Not unheard of to get snow this early around here. This is a picture of me and fellow students on the college's intramural staff taken on November 4, 1973. There was to be an intramural football game that morning and we were totally surprised to wake up to a foot of snow. After some discussion, the games went on!


Because of the direction of the wind, snow blew in under my covered deck and blanketed my little container garden. I was amused at the way the snow formed balls around the daisy-like blooms of one of the plants.


Seeing this from every window instantly changed my mood and drew me into the studio. Suddenly there was no struggle to convince myself to be in there like I experience when the weather is nicer, warmer, inviting you to spend time out in it. Which is a good thing now that Inktober is over and I need to get back to my art quilts in preparation for a December exhibit. I remember hoping during last year's Inktober that the habit formed with the daily drawing would cross over to my textile work. I can't remember all that was going on then, but do remember that I did NOT get back to daily sessions in the studio. Then again, I don't think I had any exhibit to prepare for, although I did end up working on one small piece for a Christmas present.

So as I took a few days off to catch up on things I'd put aside to accommodate the daily drawing, I thought about why I can successfully commit to a daily challenge like Inktober but not commit to daily time in the studio. The excuse of not being able to find the time obviously does not hold. The sketches took anywhere from 45 minutes to almost 3 hours in one case. Think how much I could get done in the studio if I consistently got in there for even an hour each day. Why do I keep talking myself out of it? It really is a matter of mindset, I decided, and that is when I came up with the idea of creating my own month-long challenge that I am calling Stitchvember.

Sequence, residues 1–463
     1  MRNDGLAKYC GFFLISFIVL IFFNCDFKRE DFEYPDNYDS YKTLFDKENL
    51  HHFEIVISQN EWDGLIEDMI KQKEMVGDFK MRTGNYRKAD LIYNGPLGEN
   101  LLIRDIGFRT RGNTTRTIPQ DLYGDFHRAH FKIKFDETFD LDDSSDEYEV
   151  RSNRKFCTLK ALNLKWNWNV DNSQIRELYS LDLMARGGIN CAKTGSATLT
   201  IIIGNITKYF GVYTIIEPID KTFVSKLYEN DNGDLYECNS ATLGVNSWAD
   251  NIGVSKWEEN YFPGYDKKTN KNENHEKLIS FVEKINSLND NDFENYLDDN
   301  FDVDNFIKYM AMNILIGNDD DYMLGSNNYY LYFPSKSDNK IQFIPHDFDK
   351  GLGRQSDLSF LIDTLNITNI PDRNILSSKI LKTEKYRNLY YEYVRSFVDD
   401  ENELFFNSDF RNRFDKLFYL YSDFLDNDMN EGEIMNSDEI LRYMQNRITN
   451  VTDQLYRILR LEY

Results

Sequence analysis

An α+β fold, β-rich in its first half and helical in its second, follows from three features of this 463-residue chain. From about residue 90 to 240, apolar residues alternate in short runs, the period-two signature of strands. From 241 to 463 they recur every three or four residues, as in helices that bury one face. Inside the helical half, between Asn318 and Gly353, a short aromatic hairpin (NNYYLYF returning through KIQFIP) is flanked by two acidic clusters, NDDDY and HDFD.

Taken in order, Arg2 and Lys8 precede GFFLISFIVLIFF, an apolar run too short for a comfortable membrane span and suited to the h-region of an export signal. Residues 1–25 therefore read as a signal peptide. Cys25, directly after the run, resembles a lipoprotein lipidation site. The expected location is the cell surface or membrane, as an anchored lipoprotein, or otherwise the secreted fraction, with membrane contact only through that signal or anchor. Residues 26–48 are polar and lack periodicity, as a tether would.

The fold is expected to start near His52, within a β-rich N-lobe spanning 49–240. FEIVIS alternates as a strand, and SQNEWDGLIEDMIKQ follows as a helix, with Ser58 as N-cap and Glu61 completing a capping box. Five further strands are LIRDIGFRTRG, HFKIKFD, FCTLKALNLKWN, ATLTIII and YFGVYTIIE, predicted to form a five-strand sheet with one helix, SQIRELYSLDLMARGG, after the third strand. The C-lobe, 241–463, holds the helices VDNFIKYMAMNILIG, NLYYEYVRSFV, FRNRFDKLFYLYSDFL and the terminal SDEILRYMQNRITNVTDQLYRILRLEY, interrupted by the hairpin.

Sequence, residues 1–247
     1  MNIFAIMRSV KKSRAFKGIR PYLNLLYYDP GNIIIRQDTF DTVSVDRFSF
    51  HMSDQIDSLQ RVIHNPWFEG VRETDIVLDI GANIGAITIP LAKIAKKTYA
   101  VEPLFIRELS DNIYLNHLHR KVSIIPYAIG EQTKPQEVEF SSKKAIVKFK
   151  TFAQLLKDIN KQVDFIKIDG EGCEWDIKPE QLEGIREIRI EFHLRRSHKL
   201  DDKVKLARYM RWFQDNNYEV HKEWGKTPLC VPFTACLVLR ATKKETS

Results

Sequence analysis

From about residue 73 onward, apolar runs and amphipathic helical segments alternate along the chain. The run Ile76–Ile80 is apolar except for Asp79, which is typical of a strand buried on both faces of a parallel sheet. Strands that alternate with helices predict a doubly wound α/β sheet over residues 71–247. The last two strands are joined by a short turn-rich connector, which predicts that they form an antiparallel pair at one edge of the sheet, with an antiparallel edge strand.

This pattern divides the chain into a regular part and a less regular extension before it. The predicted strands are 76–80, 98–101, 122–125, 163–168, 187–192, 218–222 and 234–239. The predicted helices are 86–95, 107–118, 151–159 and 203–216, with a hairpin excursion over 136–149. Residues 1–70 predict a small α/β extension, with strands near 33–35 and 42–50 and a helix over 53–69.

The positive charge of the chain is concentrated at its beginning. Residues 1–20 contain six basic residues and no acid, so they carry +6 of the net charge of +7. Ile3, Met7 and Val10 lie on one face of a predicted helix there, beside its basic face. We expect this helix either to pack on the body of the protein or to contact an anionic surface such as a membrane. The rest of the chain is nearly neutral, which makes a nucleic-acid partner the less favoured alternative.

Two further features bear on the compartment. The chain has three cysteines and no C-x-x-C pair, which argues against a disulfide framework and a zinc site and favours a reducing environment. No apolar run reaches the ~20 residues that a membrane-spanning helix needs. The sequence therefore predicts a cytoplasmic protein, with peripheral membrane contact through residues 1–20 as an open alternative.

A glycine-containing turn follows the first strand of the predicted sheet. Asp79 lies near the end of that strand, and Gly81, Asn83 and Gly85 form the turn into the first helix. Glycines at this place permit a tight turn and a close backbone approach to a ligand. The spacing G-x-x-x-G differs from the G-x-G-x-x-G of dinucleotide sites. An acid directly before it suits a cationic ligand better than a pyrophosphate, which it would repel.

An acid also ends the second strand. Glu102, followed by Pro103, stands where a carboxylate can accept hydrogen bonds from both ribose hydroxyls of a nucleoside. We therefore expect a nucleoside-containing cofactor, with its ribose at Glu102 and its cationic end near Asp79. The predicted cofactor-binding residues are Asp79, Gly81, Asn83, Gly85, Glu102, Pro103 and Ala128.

I started by reassessing the pieces in the leaf cluster series that are in various stages of completion and the frames I'd recently purchased for some of them. I settled on beginning my Stitchvember challenge with this one that I'd quilted back in July. I still had some thread tails to pull to the back and tie off and was unsure whether it needed more lines of stitching or not. I'd asked that question of the art group last month and they were as iffy as I about that, but agreed it probably needed something more. Now that I auditioned what it would look like in the intended frame, with more cropping than I remembered it would get, it looked like maybe it wouldn't need more stitching after all.


But when looking at a friend's blog and how she was using Photoshop to audition motifs and paint colors she might stamp or stencil over a pieced quilt, it dawned on me that I could use my own Paint Shop Pro to add stitching to that photo I'd taken with the frame, and get a better idea than I was getting by laying down lengths of thread. It convinced me that adding more stitching is the way to go.


One suggestion from the art group that really appealed to me was that if I could somehow add some loft to the leaves, it would help them to stand out from the busy background. Since I used felt and not batting under the top, I got no real dimension under those leaves and in fact, the fabric looked a bit loose in those areas. I'd considered maybe stitching in veins, but I liked the idea of padding them better, and knew just the method. It's a faux trapunto technique where you add acrylic yarn under the backing if you have sandwiched your top with batting and backing. In this case, I am using the needle to thread the yarn in between the felt and the top. When the area is filled in, the yarn tails are clipped close to the backing to slip fully inside.


Because acrylic yarn has spring, it will fluff up and add the desired dimension, which you can sort of see here. The first yarn I tried in this example though did not have the desired springiness, and I've replaced it and completed the other leaves' padding with a different yarn. Now all I need to do is stitch in those additional lines, trim to size, attach to poster board and pop into the frame.